Vaccinating poultry during the rearing period

A vaccination programme will increase profits by reducing mortality and improving the health of chicks.

Vaccinating poultry during the rearing period
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Vaccines must be properly administered to be effective, says Rick van Oort, corporate product manager of poultry at global veterinary health company, Ceva.

Workers should know the standard operating procedure. Catchers, for example, should present birds to vaccinators so that the vaccination site can be clearly seen. Vaccination guns must be calibrated and sterile needles used.

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Vaccines that are not properly reconstituted (mixed) will offer no protection. Live vaccines contain a weakened live form of the disease-causing organism, while inactivated vaccines contain disease-causing organisms that have been killed by heat or some other means.

The following must be given during rearing:

Viral booster vaccines with inactivated vaccines
Bacterial vaccines
Salmonella gallinarum
Salmonella enterica and typhimurium
Infectious coryza
Mycoplasma gallisepticum
Fowl cholera

Live vaccines offer longer protection than inactivated vaccines.

“Vaccines must be kept cool and used within two hours,” says Rick. Check the insert or speak to the vet.

Spray vaccinations
With a coarse spray, it’s important to use the correct amount of unchlorinated water, says Rick. For day-old chicks, use 150mℓ to 200mℓ per 1 000 birds.

During the first three weeks, increase the water to between 200mℓ and 500mℓ per 1 000 birds. After that, use 1 000mℓ for the same number of birds.

Vaccinating: some important tips

Make sure the birds are not too crowded.
Reduce lighting, except where the actual vaccination takes place.
It is best to vaccinate during the cooler part
of the day. Alternatively, vaccinate at night.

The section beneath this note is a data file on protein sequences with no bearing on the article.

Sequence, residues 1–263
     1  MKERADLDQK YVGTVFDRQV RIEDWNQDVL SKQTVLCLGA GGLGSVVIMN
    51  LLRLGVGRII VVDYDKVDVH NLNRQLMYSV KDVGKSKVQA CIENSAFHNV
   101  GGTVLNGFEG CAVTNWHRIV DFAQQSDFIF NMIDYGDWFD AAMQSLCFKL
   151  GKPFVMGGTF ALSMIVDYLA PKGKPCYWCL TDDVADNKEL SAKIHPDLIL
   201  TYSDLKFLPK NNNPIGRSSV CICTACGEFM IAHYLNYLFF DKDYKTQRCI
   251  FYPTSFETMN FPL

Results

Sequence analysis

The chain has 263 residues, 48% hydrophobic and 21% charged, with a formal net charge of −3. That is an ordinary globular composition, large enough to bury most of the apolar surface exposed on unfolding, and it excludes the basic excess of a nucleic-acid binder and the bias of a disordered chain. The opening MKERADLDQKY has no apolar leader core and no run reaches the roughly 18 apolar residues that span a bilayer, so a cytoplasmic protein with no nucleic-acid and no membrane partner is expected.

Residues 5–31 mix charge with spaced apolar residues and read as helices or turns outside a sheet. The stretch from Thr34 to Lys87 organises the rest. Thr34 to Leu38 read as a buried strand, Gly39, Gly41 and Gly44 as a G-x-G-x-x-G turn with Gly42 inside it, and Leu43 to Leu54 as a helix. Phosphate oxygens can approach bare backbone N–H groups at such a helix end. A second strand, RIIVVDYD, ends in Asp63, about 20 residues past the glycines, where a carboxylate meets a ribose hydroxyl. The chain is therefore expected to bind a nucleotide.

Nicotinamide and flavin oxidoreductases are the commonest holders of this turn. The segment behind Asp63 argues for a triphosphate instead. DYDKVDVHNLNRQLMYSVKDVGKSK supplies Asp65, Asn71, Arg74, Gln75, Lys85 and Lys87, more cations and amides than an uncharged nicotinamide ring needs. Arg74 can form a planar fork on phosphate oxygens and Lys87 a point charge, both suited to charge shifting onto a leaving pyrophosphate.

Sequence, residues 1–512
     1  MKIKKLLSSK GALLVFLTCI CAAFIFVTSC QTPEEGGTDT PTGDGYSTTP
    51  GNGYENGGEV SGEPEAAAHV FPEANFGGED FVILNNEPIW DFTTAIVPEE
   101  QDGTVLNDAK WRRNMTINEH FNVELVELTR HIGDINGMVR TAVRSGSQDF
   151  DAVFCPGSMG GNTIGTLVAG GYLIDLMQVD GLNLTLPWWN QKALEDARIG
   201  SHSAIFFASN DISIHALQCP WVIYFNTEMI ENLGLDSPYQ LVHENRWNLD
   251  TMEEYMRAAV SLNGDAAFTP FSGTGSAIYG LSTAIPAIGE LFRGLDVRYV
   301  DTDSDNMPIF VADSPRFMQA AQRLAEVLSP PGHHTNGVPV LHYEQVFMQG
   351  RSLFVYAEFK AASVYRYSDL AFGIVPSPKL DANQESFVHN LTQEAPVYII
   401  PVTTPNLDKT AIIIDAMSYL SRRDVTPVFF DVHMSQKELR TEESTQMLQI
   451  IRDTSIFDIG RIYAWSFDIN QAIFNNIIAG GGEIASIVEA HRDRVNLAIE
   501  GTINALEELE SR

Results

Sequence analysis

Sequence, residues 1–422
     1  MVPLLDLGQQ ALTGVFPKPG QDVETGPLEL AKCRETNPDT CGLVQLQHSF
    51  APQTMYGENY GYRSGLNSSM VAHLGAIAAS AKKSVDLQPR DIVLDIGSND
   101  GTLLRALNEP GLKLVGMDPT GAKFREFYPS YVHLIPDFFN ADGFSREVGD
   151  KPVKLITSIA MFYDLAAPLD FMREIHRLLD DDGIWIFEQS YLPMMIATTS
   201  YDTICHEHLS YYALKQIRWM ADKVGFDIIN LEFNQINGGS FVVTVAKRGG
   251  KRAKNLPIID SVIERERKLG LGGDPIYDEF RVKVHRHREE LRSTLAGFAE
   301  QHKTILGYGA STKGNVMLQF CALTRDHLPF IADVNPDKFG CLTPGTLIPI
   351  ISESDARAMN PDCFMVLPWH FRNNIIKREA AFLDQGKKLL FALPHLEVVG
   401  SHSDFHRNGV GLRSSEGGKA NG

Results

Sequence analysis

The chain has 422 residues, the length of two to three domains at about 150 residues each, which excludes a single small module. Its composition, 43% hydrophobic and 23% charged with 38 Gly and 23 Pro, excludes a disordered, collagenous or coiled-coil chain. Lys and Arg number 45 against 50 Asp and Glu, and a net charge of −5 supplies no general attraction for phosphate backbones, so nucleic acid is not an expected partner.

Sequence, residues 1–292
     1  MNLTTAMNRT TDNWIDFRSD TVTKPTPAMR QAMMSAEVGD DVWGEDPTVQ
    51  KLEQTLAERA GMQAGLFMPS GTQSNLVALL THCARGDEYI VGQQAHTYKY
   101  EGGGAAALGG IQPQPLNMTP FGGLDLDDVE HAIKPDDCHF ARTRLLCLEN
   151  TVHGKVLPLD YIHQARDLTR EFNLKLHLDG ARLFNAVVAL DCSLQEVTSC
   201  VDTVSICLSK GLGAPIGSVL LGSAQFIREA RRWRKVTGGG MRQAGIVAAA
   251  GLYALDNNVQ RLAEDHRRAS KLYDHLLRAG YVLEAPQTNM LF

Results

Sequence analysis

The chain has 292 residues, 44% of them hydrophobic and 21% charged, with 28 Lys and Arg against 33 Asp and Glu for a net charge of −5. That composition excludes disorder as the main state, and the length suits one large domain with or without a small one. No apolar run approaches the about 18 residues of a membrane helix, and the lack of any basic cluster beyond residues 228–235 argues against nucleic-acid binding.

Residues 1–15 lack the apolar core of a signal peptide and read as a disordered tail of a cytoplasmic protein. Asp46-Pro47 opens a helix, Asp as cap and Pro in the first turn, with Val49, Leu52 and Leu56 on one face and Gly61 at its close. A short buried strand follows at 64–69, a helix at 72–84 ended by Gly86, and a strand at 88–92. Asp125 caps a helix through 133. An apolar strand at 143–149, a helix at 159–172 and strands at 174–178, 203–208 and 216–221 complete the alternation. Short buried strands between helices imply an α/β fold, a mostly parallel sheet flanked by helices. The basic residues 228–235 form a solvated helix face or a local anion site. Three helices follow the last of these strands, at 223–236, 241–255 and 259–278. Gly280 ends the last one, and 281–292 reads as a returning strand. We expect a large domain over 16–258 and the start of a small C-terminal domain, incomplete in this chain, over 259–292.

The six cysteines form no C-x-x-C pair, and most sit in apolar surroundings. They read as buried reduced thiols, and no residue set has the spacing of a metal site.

Arrange for someone to supervise the flock.
Check that the vaccine is in the bird and not on the feathers!

“Fine-spray vaccinations penetrate the trachea and lungs, resulting in a better reaction.

When using a fine spray, close down ventilation at the start of vaccination and keep it closed for ten minutes afterwards. Use 50mℓ to 1 000mℓ unchlorinated water per 1 000 birds on chicks older than two weeks,” says Rick.

Drinking water vaccination
Chickens taking in drinking-water vaccines should be water-starved for about two hours before the vaccine is administered.

Water quality is also important. The entire water system, including the drinkers, must be cleaned before the vaccine is added to the water. The maximum consumption time should be two hours.

Eye/intra-nasal drops
This method needs a dropper that measures accurately. The dropper must be held vertically and the vaccinator needs to ensure that the drop is absorbed completely before treating the next chick.

Is it working?
Check the vaccination-take four to 10 days after vaccination to make sure that it’s working.

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This can be done by checking 10% of the flock, or a set number of birds per vaccinator.

Birds should be selected randomly in the house.

In good hits, the birds will show pox lesions of between 2mm and 5mm. The percentage of lesions can then be calculated; ideally, the figure should be higher than 90%.

“The lesions will disappear two to three weeks after vaccination,” says Rick.

If you have any questions about the vaccination process, or are experiencing difficulty with it, speak to your vet or extension officer.

For more information, email Rick van Oort at [email protected].